Allergen-free collaboration: Four Japanese food firms cook up recipe initiative
The recipes do not include core food allergens such as egg, milk, peanuts, shrimp, crab, buckwheat, and wheat. Under Japan’s Food Labelling act, it is also mandatory to state the presence of any of these seven allergens in food products.
For a start, the collaboration has launched six allergen-free recipes, including fried curry bread, petit pizza, rice ball, salad and mayonnaise dip, pancake made with rice flour, and ham bread, which are available on the respective companies’ website.
These recipes feature products from the four companies, such as non-egg mayonnaise from Otafuku, curry from House Foods, ham from Nippon Ham, and A-Label salmon furikake from Nagatanien.
The main aim of the collaboration was to “contribute to the realisation of a society where everyone can enjoy delicious meals regardless of food allergy,” according to a joint statement.
The companies said that they have received consumer feedback that it was difficult for them to increase the number of allergen-free recipes, since there was a limited number of processed food ingredients that were allergen-free.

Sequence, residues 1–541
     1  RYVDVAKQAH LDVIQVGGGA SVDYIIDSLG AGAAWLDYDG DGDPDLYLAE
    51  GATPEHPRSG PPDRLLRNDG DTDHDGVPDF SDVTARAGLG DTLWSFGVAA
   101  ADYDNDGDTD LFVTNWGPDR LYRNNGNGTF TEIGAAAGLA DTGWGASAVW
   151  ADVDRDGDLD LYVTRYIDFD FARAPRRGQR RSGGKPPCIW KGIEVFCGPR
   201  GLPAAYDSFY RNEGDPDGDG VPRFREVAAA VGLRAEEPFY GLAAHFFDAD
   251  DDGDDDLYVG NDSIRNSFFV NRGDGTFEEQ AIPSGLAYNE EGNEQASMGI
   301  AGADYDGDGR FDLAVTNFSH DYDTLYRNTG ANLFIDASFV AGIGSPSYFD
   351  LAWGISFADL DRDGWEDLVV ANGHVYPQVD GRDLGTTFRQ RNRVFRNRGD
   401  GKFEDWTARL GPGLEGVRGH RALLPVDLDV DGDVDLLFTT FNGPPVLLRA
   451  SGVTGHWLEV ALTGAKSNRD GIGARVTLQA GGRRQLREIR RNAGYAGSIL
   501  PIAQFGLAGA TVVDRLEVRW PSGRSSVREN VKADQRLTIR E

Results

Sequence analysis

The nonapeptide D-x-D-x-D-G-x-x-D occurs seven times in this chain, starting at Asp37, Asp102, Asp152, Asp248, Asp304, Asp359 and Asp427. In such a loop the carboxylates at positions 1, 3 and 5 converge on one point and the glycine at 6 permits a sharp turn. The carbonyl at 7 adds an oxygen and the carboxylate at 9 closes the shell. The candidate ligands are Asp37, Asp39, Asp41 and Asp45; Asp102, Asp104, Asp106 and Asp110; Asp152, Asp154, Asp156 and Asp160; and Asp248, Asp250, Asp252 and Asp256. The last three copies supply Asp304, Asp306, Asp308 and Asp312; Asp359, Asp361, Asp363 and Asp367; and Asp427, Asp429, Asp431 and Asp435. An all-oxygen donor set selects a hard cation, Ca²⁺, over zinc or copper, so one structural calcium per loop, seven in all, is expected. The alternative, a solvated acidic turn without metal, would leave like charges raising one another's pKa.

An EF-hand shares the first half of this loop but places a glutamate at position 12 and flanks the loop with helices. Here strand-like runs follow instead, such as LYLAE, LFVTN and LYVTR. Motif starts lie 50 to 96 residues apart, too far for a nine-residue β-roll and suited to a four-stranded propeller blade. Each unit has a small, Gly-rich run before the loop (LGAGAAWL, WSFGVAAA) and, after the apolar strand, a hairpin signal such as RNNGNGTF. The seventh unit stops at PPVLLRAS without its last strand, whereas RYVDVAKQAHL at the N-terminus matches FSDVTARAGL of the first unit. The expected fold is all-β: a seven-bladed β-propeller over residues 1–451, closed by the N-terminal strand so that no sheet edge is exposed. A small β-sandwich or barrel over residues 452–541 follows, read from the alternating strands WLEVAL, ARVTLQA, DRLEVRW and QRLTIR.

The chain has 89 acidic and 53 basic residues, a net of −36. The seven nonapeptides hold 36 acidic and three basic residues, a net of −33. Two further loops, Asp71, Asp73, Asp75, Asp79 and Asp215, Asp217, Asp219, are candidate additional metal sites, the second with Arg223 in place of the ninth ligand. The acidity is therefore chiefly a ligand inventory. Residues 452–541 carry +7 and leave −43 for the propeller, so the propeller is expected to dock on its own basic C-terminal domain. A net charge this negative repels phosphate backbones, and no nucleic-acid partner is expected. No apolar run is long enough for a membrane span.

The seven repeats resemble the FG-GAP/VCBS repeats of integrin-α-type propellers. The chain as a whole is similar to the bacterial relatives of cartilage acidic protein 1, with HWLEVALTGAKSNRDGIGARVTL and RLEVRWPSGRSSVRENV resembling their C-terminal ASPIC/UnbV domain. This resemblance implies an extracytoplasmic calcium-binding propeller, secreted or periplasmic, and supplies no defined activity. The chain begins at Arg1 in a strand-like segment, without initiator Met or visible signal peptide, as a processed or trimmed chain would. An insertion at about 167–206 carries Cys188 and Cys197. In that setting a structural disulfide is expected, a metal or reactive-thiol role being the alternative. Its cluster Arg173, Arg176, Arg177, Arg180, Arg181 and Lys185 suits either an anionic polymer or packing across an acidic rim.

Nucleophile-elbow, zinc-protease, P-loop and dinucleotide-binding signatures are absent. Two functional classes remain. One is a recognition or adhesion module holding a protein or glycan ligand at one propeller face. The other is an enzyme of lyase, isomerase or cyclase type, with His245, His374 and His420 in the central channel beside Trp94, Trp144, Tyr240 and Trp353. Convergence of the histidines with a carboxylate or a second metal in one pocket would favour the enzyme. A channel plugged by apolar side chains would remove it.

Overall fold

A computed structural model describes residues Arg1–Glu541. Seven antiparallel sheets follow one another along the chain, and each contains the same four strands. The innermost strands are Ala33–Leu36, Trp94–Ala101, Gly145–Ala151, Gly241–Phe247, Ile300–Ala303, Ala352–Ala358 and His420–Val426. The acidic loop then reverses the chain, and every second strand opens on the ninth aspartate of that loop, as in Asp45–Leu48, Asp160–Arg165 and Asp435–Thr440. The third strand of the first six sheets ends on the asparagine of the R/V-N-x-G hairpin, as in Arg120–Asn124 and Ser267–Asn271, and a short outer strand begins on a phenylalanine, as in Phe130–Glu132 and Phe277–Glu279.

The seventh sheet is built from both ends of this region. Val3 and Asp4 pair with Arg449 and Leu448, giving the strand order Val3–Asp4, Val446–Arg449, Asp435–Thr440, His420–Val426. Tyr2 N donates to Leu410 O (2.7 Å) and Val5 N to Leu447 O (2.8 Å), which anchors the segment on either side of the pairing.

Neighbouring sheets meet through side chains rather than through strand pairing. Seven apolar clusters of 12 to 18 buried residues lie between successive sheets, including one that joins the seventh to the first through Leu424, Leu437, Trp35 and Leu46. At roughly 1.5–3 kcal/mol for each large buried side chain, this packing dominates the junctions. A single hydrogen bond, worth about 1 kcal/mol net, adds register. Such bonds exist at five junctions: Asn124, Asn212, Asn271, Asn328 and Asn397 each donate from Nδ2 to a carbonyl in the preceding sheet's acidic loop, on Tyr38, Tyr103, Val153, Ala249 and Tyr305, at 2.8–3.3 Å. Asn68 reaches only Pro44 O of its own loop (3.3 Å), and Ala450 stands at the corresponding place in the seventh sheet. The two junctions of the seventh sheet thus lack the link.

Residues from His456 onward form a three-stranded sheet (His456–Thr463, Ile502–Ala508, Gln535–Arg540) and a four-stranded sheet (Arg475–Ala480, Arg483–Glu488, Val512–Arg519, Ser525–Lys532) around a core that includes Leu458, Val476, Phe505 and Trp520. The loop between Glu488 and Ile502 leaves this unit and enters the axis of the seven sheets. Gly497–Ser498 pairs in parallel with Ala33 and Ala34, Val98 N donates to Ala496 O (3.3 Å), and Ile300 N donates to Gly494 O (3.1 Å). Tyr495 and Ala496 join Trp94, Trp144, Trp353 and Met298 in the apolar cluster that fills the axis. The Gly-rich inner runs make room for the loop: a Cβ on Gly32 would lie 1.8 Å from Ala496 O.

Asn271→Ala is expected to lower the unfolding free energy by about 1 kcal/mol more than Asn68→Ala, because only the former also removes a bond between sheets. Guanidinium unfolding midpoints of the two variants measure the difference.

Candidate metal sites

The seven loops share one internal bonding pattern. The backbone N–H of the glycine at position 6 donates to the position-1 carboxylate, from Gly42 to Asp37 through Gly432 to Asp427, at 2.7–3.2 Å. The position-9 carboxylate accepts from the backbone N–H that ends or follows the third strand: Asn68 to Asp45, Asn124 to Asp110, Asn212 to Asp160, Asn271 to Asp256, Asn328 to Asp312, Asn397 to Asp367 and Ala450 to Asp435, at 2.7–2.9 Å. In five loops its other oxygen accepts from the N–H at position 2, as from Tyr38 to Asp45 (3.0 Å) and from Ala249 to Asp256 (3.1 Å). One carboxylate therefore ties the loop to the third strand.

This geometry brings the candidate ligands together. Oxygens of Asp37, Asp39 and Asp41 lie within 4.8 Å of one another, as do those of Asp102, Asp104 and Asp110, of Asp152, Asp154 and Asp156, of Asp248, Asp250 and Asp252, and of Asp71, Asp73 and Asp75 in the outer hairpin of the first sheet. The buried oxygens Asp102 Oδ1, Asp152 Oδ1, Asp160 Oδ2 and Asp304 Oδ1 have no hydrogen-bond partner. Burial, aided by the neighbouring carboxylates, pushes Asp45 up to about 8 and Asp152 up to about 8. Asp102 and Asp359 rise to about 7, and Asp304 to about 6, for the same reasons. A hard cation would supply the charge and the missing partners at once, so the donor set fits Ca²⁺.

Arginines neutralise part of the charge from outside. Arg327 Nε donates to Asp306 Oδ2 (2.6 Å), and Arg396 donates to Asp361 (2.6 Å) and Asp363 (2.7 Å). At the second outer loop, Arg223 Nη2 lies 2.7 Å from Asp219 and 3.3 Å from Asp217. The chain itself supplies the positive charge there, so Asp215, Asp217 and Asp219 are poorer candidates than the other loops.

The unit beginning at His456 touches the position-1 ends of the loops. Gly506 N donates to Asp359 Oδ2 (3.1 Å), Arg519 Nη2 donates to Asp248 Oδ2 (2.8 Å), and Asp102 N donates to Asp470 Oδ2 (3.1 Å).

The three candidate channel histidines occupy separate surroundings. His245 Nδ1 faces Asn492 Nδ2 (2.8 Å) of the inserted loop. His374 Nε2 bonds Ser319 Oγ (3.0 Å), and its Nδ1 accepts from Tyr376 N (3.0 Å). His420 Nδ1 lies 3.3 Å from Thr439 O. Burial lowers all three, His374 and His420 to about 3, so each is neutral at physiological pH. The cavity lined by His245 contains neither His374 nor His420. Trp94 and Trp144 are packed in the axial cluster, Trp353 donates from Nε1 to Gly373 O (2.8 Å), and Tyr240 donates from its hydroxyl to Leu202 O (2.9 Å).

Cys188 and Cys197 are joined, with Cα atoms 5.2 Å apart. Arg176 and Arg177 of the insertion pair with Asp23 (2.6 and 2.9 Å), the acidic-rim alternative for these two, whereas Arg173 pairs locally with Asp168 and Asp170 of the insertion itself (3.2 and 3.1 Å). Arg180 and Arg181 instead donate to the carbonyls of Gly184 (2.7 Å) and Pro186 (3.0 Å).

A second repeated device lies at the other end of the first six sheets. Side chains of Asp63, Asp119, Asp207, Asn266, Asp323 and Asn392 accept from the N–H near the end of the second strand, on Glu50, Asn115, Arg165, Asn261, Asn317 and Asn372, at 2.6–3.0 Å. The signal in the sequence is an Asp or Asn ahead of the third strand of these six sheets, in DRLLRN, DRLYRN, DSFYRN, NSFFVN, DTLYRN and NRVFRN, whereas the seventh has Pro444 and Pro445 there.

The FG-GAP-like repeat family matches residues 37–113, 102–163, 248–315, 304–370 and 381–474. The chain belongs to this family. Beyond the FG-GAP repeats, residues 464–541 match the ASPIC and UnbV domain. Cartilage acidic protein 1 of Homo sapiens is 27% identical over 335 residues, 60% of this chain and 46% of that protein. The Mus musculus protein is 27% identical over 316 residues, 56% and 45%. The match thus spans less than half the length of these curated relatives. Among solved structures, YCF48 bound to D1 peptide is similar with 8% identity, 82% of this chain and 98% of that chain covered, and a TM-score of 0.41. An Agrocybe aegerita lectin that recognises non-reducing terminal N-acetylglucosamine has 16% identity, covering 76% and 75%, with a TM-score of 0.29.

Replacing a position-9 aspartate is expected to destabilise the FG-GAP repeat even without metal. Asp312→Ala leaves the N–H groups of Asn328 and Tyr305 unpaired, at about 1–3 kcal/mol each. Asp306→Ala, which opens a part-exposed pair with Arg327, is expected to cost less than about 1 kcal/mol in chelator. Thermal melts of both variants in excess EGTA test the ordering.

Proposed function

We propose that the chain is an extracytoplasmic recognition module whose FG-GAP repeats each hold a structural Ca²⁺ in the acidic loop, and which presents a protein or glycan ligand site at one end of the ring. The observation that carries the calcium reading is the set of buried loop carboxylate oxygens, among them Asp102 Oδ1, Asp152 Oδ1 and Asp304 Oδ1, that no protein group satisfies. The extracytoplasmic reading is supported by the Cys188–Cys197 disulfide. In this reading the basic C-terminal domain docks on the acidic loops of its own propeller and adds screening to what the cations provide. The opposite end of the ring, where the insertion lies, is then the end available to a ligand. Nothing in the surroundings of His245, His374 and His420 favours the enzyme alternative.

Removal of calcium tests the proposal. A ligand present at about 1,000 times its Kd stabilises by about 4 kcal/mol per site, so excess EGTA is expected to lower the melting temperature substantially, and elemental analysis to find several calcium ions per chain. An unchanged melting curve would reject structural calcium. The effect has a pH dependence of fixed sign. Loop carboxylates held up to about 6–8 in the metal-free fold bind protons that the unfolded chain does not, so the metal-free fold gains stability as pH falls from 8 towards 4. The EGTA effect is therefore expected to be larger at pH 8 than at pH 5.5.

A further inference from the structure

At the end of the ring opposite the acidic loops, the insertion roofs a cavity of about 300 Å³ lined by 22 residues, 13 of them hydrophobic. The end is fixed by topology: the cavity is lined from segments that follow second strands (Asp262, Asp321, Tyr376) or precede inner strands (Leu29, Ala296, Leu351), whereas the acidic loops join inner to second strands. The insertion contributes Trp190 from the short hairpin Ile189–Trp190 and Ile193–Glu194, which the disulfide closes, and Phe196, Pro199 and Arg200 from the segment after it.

Responding to queries from FoodNavigator-Asia, the four companies said they have not decided on how often they would release new recipes, however there were plans to hold cooking events using their recipes in Tokyo, Osaka, and Hiroshima.
Moving forward, the four companies will also cooperate to disseminate information on food allergies, and organise related product promotional events.
Food allergen policies
There are currently 27 ingredients that are commonly identified as food allergen in Japan.
While it is mandatory to label the seven core allergens, in the case of the remaining 20 allergens, voluntary labelling is recommended by the Consumer Affairs Agency of Japan.
The 20 other allergens include a range of poultry, seafood, nuts, and fruits, such as chicken, abalone, squid, soybeans, apples, peaches, and gelantin etc.
As a general rule, allergens must be listed individually. For instance, they should be listed as the following in the ingredient list: ham (including egg and pork), mayonnaise (including egg and soybean).
They may only be listed collectively on a case-by-case basis. An example is the following ingredient list: carrot, ham, mayonnaise (including egg, pork, and soybean).
While the authorities and industry have made the effort to label allergens in food products, the message may not be communicated effectively to foreigners who do not understand the Japanese language, according to experts.
With more tourists and migrants in the country, labelling food allergens in English is “absolutely necessary”, according to Dr Motohiro Ebisawa, the vice director of clinical research center for allergy and rheumatology at Sagamihara National Hospital in Kanagawa Prefecture.
Japan National Tourism Organization also brought up the issue of food allergies during seminars with tourism officials, the Japan Times reported.